Helio at 6 months

Welcome Helios! Read this interview as originally published on their blog.

[Newly Salted is a blog Dominic and I found beyond useful as we prepared for our departure. They interview sailors who are six months underway. We took their survey, and hope our experiences are helpful to others!]

 Our Background: We are Dominic and Corinne Dolci, two longtime sailors from the San Francisco Bay. We have been cruising in our Island Packet 380, Helios, since January of 2015, enjoying the California coast, Ensenada, and French Polynesia as we journey to New Zealand. You can follow our adventures at www.svhelios.com.

1. As you started cruising, what transitions did you find the most difficult?

Sleeping in shifts while underway is rough. It's the one part of cruising we couldn't prepare for without actually cutting the dock lines, and both of us put huge value on sleeping an eight-hour night.

We've built a routine that works for us—Dominic is on watch from 8 pm to 12 am, I do the graveyard shift, and Dominic takes over again at 4 am, dozing if conditions allow, and taking a proper nap in the early afternoon—but we're both left feeling groggy, and I'm not convinced that Dominic is as able to really deeply sleep at all while Helios is underway.

We maintain a ban on alarm clocks in all other circumstances, so we manage to tough it out.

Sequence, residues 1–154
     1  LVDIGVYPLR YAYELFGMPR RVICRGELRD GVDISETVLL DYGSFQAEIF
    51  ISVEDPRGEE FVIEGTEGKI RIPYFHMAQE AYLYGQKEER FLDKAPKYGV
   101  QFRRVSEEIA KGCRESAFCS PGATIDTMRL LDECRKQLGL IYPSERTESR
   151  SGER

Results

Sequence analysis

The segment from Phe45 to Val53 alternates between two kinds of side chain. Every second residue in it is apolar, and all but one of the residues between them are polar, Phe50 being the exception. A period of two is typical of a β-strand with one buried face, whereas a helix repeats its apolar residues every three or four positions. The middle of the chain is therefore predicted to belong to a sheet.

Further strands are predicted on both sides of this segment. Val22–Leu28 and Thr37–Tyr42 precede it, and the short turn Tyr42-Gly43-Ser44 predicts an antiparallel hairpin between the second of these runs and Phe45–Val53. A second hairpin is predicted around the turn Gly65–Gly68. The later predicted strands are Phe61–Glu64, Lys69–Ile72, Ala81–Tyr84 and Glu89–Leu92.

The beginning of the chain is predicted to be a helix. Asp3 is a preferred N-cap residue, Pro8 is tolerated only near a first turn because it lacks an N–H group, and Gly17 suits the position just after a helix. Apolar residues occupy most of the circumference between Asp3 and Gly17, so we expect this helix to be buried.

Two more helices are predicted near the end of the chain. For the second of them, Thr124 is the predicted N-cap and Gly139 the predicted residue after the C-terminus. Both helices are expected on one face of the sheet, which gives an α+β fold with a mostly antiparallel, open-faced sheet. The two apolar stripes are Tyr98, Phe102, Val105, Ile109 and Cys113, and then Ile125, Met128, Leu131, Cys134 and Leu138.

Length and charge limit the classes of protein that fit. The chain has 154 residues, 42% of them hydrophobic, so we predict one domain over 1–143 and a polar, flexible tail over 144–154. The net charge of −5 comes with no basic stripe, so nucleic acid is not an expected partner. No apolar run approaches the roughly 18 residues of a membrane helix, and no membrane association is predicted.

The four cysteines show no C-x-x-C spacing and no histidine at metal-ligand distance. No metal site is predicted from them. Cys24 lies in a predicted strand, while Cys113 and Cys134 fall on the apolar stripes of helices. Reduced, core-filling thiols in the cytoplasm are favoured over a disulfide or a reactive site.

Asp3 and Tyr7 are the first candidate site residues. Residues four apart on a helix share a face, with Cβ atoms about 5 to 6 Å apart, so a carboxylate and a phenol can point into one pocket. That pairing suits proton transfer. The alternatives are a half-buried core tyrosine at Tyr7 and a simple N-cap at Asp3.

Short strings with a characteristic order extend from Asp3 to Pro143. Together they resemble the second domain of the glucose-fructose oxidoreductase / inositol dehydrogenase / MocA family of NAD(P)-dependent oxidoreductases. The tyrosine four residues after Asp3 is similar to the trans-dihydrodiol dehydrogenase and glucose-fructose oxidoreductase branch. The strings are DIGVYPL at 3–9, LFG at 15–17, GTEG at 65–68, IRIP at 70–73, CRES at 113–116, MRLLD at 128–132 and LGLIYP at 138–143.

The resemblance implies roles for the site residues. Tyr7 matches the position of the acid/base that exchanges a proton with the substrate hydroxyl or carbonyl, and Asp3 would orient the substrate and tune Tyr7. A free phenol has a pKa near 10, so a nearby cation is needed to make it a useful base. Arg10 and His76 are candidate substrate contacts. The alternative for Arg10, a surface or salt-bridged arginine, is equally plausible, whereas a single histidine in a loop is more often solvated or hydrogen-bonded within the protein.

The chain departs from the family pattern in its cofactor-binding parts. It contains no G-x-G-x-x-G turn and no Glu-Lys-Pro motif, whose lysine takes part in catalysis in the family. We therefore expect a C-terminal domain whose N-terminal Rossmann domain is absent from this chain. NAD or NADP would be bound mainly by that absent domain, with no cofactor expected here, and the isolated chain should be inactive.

I've also never lived more than 30 miles from my family, so for me, not being able to have lunch or do yoga with my mom, hike with my brother, or make dinner with my dad on a weekly basis has been a huge, difficult life change.

2. What is the best cruising advice you've heard?

The sailing advice we live by: never enter an anchorage at night.

The best adventure advice I've heard: travel like you know you're going to return.

But there are a handful axioms we find ourselves often repeating: all plans are written in the sand at low tide; a quiet boat is a happy boat; red sky at night, sailor's delight; it's five o'clock somewhere...

3. What mistakes did you make as you started cruising?

We were lucky to have a lot of cruisers supporting us as we prepared for departure (living in a marina for 16 months before departure was invaluable on this front). They're still close friends, meaning if we find ourselves at a crossroads, we can send an email via the satellite phone and have a variety of experienced opinions in the next few hours. It's awesome.

There are things we've learned by doing (no wine for me on overnight passages, wipe down the bright work and stainless after every passages, tune in to the SSB nets regularly) and different choices we would make with the benefit of hindsight (getting a long-stay visa in French Polynesia), but neither of us can think of anything we'd really call a mistake.

4. What do you like the most about your cruising life?

Getting to have a relaxed morning, just about every morning. We sleep in, drink coffee, make a delicious breakfast, consider the day. Sometimes the morning is followed by chores, other times followed by killer sailing, fantastic scenery and magnificent wildlife. We spend the days together, at our own pace, and it's a beautiful thing.

It's also thrilling, to be out cruising, not knowing where you'll be in a week, or what adventure is swimming toward you.